They are usually used in soft serves like yogurt or sorbet. They are also popular for baked goods especially in making puddings. 

10. Royal Ann Cherry

It is often confused with the Rainier because of its soft red blush but biting into it would set the difference because this one has a stronger sweet and sour flavor and tangier aftertaste.

It is literally the ‘cherry on top’ for various drinks, desserts, creamy baked goods and one of the varieties used in making maraschino. 

11. Van Cherries

They are cold-hardy trees, featuring reddish-black, shiny skin. They are available during midsummer.

They are a very versatile bunch that can be eaten fresh, or incorporated in desserts (sorbets), jams and preserves, baked goods, and savory dishes (which includes meats, herbs, spices, cheeses). 

12. Montmorency Cherries

This is one of the oldest cherry varieties, dating back to at least a hundred years from France. It is also considered as the most widely grown and distributed tart cherry used in classic jams and preserve brands.

It is also used for baked goods or can be eaten fresh thanks to its strong tarty taste. They have an even luscious red color, oval shaped, and medium sized. 

13. Skeena Cherries

This one ripens at the same time as the Lapin. They are large, firm cherries with dark red (almost black) skin. It has a very sweet and strong taste making it perfect to be eaten fresh, added in rolled oats, pureed for drinks, and for desserts.  

14. Morello Cherries

This one is a sour cherry used in making jams, preserves, as well as liquors. In the UK, morello cherries are considered as the most popular cooking cherries and have been bred for over four centuries now.

Aside for their culinary significance, they are also planted for their showy, durable blooms, and hardy trees. 

15. Maraschino Cherries

The term maraschino does not refer to the cherry itself but to a method of cherry preservation. Mascara cherries are soaked in distilled mascara cherries called maraschino liqueur.

Now, maraschino cherries are made from combinations of sweet and sour cherries. They are made as syrup or liquor and preserved to be used as garnish brandy, milkshakes, and are used for baked goods.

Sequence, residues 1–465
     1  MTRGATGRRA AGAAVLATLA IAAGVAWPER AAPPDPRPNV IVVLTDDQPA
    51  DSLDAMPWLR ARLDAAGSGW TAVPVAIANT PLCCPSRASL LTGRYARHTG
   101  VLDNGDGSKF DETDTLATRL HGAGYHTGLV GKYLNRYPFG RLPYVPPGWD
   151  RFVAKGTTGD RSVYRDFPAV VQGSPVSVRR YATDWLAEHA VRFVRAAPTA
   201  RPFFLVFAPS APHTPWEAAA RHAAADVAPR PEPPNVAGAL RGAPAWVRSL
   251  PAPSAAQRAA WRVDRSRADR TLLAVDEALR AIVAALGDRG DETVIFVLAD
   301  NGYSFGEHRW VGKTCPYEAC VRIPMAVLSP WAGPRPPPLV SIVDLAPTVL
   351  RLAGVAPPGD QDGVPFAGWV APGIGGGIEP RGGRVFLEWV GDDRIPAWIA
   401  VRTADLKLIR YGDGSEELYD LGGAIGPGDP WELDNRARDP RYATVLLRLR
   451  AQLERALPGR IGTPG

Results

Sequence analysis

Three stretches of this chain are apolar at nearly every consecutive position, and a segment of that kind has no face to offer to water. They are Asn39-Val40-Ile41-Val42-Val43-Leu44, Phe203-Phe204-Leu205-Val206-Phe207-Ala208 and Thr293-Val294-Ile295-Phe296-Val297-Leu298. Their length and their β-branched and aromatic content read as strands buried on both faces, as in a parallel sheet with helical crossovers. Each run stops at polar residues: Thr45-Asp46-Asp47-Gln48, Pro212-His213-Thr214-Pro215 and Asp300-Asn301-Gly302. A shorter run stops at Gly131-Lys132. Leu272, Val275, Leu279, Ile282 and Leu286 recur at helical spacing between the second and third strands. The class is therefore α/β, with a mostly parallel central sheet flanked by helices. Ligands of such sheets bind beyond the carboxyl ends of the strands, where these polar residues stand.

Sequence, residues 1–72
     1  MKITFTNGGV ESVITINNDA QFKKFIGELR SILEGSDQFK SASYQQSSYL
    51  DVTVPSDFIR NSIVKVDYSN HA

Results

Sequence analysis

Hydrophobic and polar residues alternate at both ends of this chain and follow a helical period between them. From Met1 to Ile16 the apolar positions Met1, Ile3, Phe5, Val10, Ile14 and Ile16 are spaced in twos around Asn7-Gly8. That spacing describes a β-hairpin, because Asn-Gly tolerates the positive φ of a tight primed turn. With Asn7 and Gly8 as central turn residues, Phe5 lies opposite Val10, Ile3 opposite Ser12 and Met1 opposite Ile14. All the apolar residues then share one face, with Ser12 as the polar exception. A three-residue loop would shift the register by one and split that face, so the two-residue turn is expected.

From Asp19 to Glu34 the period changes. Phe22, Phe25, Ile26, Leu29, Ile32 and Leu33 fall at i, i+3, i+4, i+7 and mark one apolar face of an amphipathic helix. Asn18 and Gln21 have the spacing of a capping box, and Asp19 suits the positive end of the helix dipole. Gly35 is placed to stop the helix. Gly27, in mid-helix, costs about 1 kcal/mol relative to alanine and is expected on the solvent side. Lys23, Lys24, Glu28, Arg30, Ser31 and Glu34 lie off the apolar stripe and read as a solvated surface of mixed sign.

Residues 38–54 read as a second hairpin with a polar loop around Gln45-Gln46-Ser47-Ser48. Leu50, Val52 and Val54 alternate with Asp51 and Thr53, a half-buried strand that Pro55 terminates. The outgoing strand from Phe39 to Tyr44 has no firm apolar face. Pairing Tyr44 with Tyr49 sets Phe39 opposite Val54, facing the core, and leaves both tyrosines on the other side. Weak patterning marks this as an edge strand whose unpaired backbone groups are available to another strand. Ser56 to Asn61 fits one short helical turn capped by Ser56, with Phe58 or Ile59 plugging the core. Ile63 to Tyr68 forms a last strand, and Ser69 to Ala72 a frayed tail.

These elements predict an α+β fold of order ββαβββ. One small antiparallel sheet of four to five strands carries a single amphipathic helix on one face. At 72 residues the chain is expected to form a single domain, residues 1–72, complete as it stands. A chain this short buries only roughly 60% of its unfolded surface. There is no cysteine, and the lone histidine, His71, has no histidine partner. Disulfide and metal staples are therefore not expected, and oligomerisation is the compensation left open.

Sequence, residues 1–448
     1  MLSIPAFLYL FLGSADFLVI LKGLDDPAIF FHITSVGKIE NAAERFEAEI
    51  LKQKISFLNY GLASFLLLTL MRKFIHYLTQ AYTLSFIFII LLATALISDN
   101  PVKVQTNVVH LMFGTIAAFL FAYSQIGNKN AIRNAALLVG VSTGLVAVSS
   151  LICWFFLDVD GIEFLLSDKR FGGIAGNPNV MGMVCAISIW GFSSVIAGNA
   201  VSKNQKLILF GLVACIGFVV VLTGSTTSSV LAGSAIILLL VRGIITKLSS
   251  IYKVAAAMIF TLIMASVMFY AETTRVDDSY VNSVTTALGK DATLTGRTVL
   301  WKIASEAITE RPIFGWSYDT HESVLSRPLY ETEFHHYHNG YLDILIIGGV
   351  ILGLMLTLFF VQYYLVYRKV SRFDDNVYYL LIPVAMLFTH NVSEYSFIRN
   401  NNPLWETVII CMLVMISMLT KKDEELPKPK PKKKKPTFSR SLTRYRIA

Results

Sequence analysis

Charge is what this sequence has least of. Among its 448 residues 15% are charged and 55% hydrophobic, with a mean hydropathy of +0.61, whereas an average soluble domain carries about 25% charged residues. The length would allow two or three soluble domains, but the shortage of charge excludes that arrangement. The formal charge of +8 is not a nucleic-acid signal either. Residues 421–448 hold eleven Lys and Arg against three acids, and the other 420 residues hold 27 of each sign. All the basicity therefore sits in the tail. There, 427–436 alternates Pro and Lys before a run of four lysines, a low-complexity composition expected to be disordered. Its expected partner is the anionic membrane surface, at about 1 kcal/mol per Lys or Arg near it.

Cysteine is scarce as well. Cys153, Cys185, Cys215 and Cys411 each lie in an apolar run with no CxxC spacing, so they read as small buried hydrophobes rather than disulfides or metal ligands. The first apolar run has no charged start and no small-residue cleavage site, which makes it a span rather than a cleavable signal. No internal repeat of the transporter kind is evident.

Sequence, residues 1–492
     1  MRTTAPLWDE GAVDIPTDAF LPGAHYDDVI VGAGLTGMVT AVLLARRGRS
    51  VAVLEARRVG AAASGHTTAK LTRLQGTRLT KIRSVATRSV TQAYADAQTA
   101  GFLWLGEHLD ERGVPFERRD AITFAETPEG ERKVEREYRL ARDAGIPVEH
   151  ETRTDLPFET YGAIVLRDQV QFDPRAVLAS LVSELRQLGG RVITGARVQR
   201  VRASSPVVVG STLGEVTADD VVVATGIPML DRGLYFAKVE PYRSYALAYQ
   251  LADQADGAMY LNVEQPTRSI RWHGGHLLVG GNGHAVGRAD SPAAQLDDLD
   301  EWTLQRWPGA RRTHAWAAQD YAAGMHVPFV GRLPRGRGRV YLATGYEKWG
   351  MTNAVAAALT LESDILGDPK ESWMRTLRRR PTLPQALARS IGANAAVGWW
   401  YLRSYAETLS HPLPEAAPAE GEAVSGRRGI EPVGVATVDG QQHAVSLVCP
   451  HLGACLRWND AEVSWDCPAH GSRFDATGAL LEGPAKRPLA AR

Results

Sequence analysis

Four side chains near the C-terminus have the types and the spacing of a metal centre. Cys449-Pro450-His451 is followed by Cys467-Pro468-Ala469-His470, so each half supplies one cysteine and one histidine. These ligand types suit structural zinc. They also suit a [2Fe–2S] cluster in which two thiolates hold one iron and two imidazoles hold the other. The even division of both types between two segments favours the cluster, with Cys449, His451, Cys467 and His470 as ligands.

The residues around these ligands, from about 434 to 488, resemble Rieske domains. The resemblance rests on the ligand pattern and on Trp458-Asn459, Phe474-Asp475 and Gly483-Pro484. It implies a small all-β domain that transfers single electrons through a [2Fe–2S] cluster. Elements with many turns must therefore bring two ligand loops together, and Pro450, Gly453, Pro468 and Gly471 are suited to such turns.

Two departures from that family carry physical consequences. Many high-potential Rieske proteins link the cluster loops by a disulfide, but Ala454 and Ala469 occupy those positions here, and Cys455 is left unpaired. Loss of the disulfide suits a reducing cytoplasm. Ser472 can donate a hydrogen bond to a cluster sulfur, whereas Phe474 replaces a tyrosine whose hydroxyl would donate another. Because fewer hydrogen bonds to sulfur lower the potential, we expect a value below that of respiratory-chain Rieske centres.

16. Coral Cherries

This one is a crossbreed between Coral and Champagne cherries and often paired with Mazzard and Colt nowadays. It became popular over the last decade, bearing large, sweet fruits, widely grown in California.

It has a deep red color, with shiny, coral texture. They are good in building home orchards and in commercial production. 

17. Utah Giant Cherries

This one is a mid-season cherry that is dependent on other sweet cherries for pollination. The most popular cherries to grow alongside it would be Bing and Lambert because they bloom at the same time as Utah Giant does.

As the name implies, it is grown mainly in Utah and is larger, taller (16-16ft at maturity) and sweeter than Bing. Utah Giant cherries are mainly used for canning, baked goods, and fresh eating. 

18. Attika Cherries

If you need something hardy to surround your home orchard, this one is a good choice. Also known as Kordia cherries, they are long, heart-shaped cherries with strong and sweet taste. They originate from Czech Republic known for being resistant to rain cracking and are durable for transport.  

19. Benton Cherries

It is considered as Bing’s twin not only because they are both mainly grown in Washington but also because of lots of similarities.

But unlike Bing, Benton is more marketable because it is more resistant to various cherry diseases since it is a crossbreed between the hardy and self-fertile Stella and the Beaulieu which is known for ripening easily. 

20. Cowiche Cherries

This one has a similar growth habit with Bing and was developed at WSU using Lapins as mother plant at the same time as Kiona.

It is known for its high sugar content, shiny, dark red skin, and pinkish red flesh. It is a late season cherry with the blend of strong and sweet taste. 

21. Regina Cherries

Bred in Germany in 1998, this one is known for its sweet, tarty flavor, dark red flesh and luscious dark red to dark purple when fully ripe. It is durable for transport as it is resistant to rain cracking and splitting.

It is self-sterile so if you intend to make an orchard featuring Regina, it is advised that you plant Van or Stella alongside it. 

22. Index Cherries

This one is an early-season cherry notable for its dark red color and bright pinkish-red flesh. It is firm and sweet and grows from medium to large size. 

23. Kiona Cherries

It was developed along with Cowiche, has a similar growth habit with Bing but is less productive but more spreading. It has red to dark purple fruits which ripen 6-9 days after Bing. It is an early bloomer known for its sweet taste. It can be eaten fresh.